Another problem with dramatic consequence, which was at the center of the demands in the march that took place in the province of Chaco, is the deforestation of large areas, driven by the advance of land appropriation by means of trusts established for planting and cattle ranching. The experience with the Native Forest Protection Law is also symptomatic, since this year, the budget assigned for this purpose was 4.7 % of what was necessary according to forest studies, and the budget for 2020 contemplates a greater fall as the state’s investment would only represent AR$ 10 (USD 0.17) per hectare of native forest. In the last decade, deforestation has advanced at a rate of 300,000 hectares per year. In Chaco alone, 40,000 hectares of forest are lost annually because of just a handful of corporations.

The environmental depredation, as we can see, is mostly the effect of the domination of large imperialist capitals that are plundering Argentina's resources. These companies dominate the economic life of the country, profit from the frenzy to buy US dollars and the devaluation of the Argentine currency, and –as shown by the recent crisis around the freezing of the fuel price- they count on governors and mayors as their own local lobbyists. In light of this situation, according to the Federal Environmental System, it is unacceptable that the provinces are the ones to exercise control over environmental matters.

However, the NGOs that played a convening role, such as Jóvenes por el Clima (Youth for Climate), Alianza por el Clima (Alliance for Climate) and others, promote a set of laws as a way out that completely waives these crucial issues. In particular, they are promoting a Climate and Ecological Emergency Law in order to create a commission that includes –along with legislators and provincial and national governments- representatives of civil society organizations, native peoples and peasant communities, who would be appointed by the Chamber of Deputies, as well as scientists proposed by the National Scientific and Technical Research Council (CONICET). In fact, this commission would not even have the right to veto projects with a strong environmental impact, but would merely have a consultative character. Under these conditions, the proposal may result useful to co-opt sectors of the movement.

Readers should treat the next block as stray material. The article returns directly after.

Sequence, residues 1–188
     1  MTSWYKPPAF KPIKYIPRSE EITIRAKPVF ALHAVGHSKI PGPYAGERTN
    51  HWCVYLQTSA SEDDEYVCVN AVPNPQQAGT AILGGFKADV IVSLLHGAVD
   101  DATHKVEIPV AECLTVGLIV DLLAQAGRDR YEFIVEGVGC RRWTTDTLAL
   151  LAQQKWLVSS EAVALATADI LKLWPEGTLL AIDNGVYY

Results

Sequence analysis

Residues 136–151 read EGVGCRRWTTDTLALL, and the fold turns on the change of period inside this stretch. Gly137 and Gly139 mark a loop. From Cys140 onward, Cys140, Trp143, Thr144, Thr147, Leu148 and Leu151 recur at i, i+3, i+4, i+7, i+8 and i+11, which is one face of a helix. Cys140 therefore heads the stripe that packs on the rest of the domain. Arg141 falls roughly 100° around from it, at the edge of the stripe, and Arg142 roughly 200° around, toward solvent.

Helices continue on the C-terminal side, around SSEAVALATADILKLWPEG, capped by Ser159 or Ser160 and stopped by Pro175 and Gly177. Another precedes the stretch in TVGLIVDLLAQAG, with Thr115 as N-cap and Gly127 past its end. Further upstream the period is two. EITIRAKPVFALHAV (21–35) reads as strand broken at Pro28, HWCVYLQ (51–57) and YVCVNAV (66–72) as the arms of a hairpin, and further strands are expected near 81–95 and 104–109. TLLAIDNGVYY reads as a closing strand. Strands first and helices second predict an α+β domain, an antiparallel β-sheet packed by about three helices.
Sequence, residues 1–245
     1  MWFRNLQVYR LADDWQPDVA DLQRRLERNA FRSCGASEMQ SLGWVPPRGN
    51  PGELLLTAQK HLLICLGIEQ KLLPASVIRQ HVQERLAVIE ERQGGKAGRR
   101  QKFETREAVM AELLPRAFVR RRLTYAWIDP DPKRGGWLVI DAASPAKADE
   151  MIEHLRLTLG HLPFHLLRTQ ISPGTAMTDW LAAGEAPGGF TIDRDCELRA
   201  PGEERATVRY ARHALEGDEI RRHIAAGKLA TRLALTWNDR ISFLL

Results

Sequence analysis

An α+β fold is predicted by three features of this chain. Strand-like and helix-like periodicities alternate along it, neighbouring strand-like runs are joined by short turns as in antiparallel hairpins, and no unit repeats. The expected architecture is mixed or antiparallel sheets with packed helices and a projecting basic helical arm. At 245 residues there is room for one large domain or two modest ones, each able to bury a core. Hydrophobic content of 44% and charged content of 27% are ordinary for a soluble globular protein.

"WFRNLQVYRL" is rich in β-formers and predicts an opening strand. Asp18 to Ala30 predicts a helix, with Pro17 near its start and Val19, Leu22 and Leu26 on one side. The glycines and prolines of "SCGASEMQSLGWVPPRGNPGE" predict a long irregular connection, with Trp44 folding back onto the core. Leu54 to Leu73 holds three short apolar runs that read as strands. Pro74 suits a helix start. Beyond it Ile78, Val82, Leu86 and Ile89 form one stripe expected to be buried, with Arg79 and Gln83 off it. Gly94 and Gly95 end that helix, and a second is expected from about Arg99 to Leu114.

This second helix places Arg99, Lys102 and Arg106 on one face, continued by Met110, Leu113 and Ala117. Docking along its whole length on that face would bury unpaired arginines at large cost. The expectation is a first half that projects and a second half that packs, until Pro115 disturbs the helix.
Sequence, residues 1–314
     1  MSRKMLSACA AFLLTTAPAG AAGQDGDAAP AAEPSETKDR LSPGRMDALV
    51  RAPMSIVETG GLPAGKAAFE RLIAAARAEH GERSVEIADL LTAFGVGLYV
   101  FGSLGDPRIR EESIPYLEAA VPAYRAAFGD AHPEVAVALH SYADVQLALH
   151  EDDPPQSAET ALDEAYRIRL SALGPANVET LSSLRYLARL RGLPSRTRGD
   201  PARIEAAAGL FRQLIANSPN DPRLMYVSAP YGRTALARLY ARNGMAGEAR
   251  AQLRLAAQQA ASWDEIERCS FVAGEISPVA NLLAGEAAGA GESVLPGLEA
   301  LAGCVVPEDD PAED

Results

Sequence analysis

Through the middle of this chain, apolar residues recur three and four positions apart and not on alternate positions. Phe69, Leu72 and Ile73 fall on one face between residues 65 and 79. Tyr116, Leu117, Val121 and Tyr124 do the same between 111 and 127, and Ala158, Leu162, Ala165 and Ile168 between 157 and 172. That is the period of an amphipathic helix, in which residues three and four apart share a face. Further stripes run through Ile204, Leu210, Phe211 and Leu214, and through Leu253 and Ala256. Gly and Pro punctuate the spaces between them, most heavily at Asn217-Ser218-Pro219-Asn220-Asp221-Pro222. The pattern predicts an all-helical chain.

These protests by young people and affected populations, and their demands against environmental depredation are clearly progressive. In a country shaken by the incessant demonstrations of the piquetero [jobless] movements and combative unions, and by the Chubutazo [an enormous struggle conducted by teachers and state workers in Chubut], the denouncement against the vultures that plunder Argentina along with the Industrial Monetary Fund and the financial capitals, is closely related to the social crisis suffered by the workers. A program to tackle the climate crisis must consider these aspects, because we can only make progress advancing against capitalist looters like Chevron, Monsanto and Barrick. Workers’ control of production and the right to veto by the affected populations, established within a productive development plan based on the nationalization of strategic resources and foreign trade, in addition to halting the financial colonization of the country by repudiating the payment to the usurious foreign debt, are indispensable conditions to open a different way-out for the country.

It was with this perspective that the group Tribuna Ambiental [Environmental Platform] and the Partido Obrero [Workers’ Party] participated in the march, led by a flag with the slogan "Capitalism destroys the planet, Let's destroy capitalism," in a common column of the Left Front-Unity [FIT].